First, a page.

What is the fat evaluation index (FEI) in milk?
Milk fat composition
Milk fat is part of the milk solids part of milk that farmers get paid for. The average milk fat % for New Zealand cows is 4.74% fat based on the most recent LIC Dairy Statistics released. But many things determine what the average milk fat of your cows is compared to the NZ average. Cow breed has a large influence, as well as stage of lactation and what’s the diet is composed of.
- For every 1kg of milk fat, the individual fatty acid composition of that 1kg of fat is extremely variable. The milk fat is made up of a large range of different short, medium and long chain fatty acids (FA). Most are ‘saturated fats’ but others can contain unsaturated fatty acids. Many things change the composition of fatty acids that make up a kg of milk fat.
- Stage of lactation and/or if cows are gaining or losing body condition is an important modifier of milk FA composition; short and medium chain FA are LOW as a percentage of milk fat earlier in lactation (since there are more long chain FA coming from back fat mobilisation when cows are losing a bit of body condition). The proportional % of short and medium chain FA increase again once cows are gaining more weight and no longer stripping body condition.
- DIET is another major factor that moves fatty acid composition around. And this is where the FEI can be ‘bounced’ around – on the basis of the diet the cows are eating.
The Fat Evaluation Index itself
- Backfat. When cows are mobilising fat off their backs, these become available for milk fat - these are almost all long chain fatty acids (mostly C18).
- Feed: Half of the FA in milk come directly from the fat contained in feed that the cows eat. These pre-made fatty acids end up directly in the milk. That means if we feed supplementary feeds that contain a heap of medium chain FA, the FEI goes up. Palm Kernel contains a high level of C12 FA (that’s one of the medium chain fatty acids).. So…. PKE lifts the FEI by adding a heap of medium chain FAs into the milk. That’s the first thing that contributes to a higher FEI in milk. Note other protein meals, specifically, copra meal also contain high levels of C12 (around 50% of coconut oil is C12, just like PKE). BUT, copra meal stopped being fed to dairy cows many years ago due to risk of aflatoxin transfer into milk.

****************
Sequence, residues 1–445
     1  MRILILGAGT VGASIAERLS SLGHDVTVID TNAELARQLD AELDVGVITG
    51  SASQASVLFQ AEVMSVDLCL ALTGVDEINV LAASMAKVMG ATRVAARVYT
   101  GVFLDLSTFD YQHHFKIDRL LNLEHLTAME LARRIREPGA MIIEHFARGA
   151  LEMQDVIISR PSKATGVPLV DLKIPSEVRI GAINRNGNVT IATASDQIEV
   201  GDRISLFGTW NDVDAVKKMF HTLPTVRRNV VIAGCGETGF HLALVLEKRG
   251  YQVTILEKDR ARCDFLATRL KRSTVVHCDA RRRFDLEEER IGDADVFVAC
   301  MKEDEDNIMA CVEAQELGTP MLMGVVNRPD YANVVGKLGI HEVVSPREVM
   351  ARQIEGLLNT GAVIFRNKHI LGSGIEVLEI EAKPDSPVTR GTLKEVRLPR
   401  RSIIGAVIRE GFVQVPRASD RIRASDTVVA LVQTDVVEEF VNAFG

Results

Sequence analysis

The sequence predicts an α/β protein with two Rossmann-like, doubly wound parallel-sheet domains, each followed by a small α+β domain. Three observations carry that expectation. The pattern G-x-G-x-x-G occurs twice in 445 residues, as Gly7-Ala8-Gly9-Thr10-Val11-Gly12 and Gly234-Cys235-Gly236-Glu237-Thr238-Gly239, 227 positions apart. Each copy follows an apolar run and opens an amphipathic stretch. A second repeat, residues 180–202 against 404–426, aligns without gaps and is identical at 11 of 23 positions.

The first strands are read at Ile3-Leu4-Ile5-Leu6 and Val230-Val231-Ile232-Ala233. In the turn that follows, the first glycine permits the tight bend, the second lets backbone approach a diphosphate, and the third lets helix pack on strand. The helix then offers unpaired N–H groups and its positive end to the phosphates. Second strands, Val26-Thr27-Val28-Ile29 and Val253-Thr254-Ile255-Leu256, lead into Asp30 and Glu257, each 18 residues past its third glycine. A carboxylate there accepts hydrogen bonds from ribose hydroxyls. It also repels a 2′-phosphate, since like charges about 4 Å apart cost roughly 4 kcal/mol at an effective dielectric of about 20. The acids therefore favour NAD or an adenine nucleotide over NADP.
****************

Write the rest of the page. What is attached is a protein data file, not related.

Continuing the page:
- Manufactured by the udder: The other half of the FA in milk are made by the udder. The scientists call this “de novo” synthesis of FA. The ‘building blocks’ that the udder needs to make these udder-manufactured FA come from the diet. Acetate and butyrate are volatile fatty acids in the rumen that enter the blood and reach the udder to be converted into milk FA. Most of these de novo FA are the short to medium chain FA. Remember the FEI is a measure of medium chain FA as a percentage of total FA.
Rumen Acidosis and milk fatty acids
- Low total milk fat % with acidosis. Most of us know that total milk fat % in milk can go down / end up lower when we have issues of clinical or sub-clinical rumen acidosis (too much acid in the rumen). So this might be from too much grain, grain that’s been over processed, high starch by-products like Tapioca and when cows first transition onto e.g. bulb crops like turnips or fodder beet.
- Relatively more medium chain FA with rumen acidosis. Although rumen acidosis reduces TOTAL milk fat in milk, it also changes the relative proportions of medium to long chain FA. The milk fat % is lower but of that milk fat, there’s relatively more medium chain FA relative to long chain FA in each kg of milk fat.
- If you’ve got a bit of an issue of some lower rumen pHs in your herd due to very soft, lush grass (e.g. mid October right now) AND you’re feeding cereal grains, tapioca or other feeds that increase risk of rumen acidosis, that MAY explain why your FEI is higher than normal even if you’re not feeding PKE.
- If you are feeding PKE AND you happen to have some short term issues of rumen acidosis, e.g. during the first few days transitioning cows onto summer bulb turnips – you’ll get a ‘double whammy’ of risk of a high FEI.
- PKE: The most common cause of high FEI is preformed medium chain FA in PKE. These are mostly C12 medium chain fatty acids. The answer is obvious – drop PKE feeding rates until the FEI stabilises at a lower value.
- Rumen acidosis: This is the second most likely cause of a high FEI. If you’re getting stuck with some elevated FEI in milk and you’re not feeding PKE, the next thing to look for is what might be upsetting rumen function in the cows. “Hot” forms of starch based feeds are the more likely culprit, e.g. over processed wheat grain, tapioca etc, especially when combined with soft very high quality pasture / not enough peNDF. These diets are likely to slightly drop your overall milk fat % (‘milk fat depression) yet of the milk fat produced, there will be a slightly increased proportion of medium chain FA as a percentage of total FA. Work on reducing risk of rumen acidosis to reduce FEI if it's higher than ideal when PKE is not being fed.